I got my HSG done last week. Everything looked good, thank God. Here goes....
I arrived at the hospital early as I was told with all of my proper paperwork. I was more nervous than I anticipated, not so much that I would have something wrong with me but that it would hurt. When I scheduled my appointment, the nurse explained that I would be brought in right away because I was the first HSG of the day. I waited for a while in my chair right next to the check-in counter.
Reading a magazine kept me busy for a bit but then I was just pretending to read. I was too nervous to focus. People-watching was an easier, less mentally challenging task. I wondered why each person was there and what they were getting x-rayed. Nobody seemed a logical choice to fall into my infertility category either because of their age or the fact that they were wearing a huge cast. Hmmm...another lonely IF adventure.
Until I spied a couple approaching the counter. I couldn't help but check them out. Are you infertile, too? How long have you been trying? Are you the only infertile person you know of? Do you cry as much as I do? Could we hold hands? (OK, maybe the last question would be awkward.) Sure enough, the woman explained to the receptionist behind the counter that she was here for her HSG! I'm not alone. I'm sitting 3 feet from another infertile couple!
I pretended to keep reading but I couldn't help but fixate on the couple now seated just a few seats away from me. He had his arm around her and they were reading a magazine together.
My watch showed that I had been waiting for 40 minutes. When the hell was I going to be taken back? Twenty seven students and one clock-watching principal were waiting on me. I approached the counter and asked if I would be seen soon and explained that my HSG was scheduled for 12:30. I was told that I would be taken back shortly.
"Are you nervous?" a voice urgently asked. It was the other woman. I told her that yes, I definitely was. She told me how anxious she was and how she was afraid it would hurt. We shared our concerns, validated each other's feelings and I offered her a kid's sticker from a roll on the counter. Hey, if some 10 year old gets a sticker for x-raying a broken arm, we absolutely deserve one for having a catheter shove dye through our fallopian tubes. I took two.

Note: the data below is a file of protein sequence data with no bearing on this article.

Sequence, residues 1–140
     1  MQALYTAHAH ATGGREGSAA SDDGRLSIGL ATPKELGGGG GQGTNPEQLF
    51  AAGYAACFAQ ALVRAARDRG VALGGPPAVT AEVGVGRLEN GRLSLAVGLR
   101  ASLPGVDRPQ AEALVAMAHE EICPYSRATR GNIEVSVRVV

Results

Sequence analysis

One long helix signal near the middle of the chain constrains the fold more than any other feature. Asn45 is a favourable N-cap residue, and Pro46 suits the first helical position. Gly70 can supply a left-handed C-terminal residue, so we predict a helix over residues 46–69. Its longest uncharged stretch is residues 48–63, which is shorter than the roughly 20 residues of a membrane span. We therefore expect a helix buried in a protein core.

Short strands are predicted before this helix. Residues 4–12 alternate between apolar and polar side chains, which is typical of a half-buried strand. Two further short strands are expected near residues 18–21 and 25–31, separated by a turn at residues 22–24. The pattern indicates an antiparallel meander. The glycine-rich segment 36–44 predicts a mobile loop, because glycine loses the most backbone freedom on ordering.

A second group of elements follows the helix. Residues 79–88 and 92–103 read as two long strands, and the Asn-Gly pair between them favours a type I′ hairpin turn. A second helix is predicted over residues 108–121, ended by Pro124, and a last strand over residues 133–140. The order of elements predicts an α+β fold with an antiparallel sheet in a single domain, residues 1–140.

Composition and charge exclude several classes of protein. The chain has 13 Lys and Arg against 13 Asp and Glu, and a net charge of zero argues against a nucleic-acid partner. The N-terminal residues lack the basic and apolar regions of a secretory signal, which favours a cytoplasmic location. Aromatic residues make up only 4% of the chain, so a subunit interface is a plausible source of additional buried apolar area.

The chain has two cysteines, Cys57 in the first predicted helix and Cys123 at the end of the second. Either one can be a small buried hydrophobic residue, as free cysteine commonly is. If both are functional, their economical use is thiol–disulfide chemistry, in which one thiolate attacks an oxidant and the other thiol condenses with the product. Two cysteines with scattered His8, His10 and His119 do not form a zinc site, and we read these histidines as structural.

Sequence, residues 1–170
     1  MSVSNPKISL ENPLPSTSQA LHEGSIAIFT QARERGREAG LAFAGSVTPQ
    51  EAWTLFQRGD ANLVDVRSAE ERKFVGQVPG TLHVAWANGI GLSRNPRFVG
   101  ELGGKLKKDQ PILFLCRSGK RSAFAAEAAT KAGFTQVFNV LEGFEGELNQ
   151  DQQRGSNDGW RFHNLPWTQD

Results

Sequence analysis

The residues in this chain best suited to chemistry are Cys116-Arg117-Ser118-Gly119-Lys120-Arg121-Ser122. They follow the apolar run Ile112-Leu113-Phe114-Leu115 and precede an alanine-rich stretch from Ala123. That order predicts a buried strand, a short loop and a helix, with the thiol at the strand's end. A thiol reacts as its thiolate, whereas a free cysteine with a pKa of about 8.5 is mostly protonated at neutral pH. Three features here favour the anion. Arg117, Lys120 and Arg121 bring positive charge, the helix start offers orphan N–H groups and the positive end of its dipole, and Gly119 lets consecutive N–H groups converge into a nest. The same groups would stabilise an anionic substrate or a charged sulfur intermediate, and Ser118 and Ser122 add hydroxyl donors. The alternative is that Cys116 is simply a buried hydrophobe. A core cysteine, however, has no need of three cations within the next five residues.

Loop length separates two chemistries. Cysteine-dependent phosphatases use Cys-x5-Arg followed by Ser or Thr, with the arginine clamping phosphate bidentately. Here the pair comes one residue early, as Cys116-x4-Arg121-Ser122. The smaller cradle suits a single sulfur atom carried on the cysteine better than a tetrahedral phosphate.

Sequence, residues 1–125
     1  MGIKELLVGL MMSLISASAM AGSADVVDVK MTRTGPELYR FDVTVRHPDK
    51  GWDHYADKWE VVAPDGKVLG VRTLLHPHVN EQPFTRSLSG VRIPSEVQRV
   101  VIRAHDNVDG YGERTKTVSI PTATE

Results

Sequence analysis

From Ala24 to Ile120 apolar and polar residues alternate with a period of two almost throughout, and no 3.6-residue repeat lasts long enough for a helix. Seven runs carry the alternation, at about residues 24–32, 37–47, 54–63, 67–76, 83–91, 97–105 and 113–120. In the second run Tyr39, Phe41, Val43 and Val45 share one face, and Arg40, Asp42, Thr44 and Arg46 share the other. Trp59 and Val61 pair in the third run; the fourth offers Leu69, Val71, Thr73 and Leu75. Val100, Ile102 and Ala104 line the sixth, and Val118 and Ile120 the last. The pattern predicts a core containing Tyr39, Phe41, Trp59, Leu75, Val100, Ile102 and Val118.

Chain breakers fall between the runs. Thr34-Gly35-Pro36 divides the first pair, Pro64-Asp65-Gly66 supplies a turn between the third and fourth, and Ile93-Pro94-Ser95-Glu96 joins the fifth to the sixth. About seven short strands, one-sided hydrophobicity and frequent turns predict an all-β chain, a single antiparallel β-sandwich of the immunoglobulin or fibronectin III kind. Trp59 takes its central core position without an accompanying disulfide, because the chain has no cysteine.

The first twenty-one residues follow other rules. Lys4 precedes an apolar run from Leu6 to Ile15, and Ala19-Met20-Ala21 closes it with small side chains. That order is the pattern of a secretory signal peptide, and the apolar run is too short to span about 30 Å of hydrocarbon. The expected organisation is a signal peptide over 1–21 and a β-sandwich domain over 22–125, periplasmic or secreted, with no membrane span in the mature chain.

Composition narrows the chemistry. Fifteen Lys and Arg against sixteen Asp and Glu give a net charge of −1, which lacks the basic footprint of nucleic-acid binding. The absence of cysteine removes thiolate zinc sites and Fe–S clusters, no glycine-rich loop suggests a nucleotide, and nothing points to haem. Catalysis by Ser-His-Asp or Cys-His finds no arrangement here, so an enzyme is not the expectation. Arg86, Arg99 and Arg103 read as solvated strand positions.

I was eventually called back for my procedure. The woman and I said goodbye and I assured that if she was here when I came out, I would let her know what it was like. The RE prepped me by explaining everything that would happen and talked me through the procedure as he did it. It hurt but it was a manageable amount of pain. There were 3 people in the room for the event which seemed like a lot of people to be hanging out with my vagina.
I was struck by how close the RE had to get to my vagina. He really had to lean in there to make sure the catheter and everything was placed correctly. My knees were bent about halfway and resting on the table. When I looked down at him, his head was so close to my knees. He looked like he was going to crawl in! Nobody but my husband has had their face that close to my crotch in a very long time. That was a little embarrassing, but the doctor was extremely professional. Also, when the x-ray tech was doing all of his stuff getting the equipment centered on my abdomen and all that, the RE had to hang out "down there" to make sure that everything stayed where it should. That was awkward, too...y'know, on account of my nudity from the waist down. I'm not gonna lie. He spent a lot of time down there for barely knowing me.
Everything looked good, I thanked the doctor and headed out. As I stepped through the doorway, the couple was sitting in the hallway to my right. The woman had her head in her hands and when I walked out she looked up at me expectantly. You know how, on TV and in the movies, when the doctor is in the room working on somebody, and the person's family is in the waiting room, and then the doctor comes out and they all look up expectantly, waiting for an answer that will offer some relief? You know the face they make when they see the doctor coming to talk to them? That's the face she was making. I swear it. Now I am not so naive or self-centered to think that she was that concerned about my personal fertility issues. I realize that her primary concern was the fact that she had to get her HSG done right after me. But it felt good nonetheless. It felt good to know she cared, even if it wasn't really towards me so much.
I assured her that it wasn't that bad and that the discomfort was tolerable. I wished her and her husband luck and headed back to work. As the door of the hospital closed behind me, I felt a pang of regret that I hadn't offered her my e-mail address, just in case she doesn't have anybody else to talk to who's going through this crazy adventure called infertility.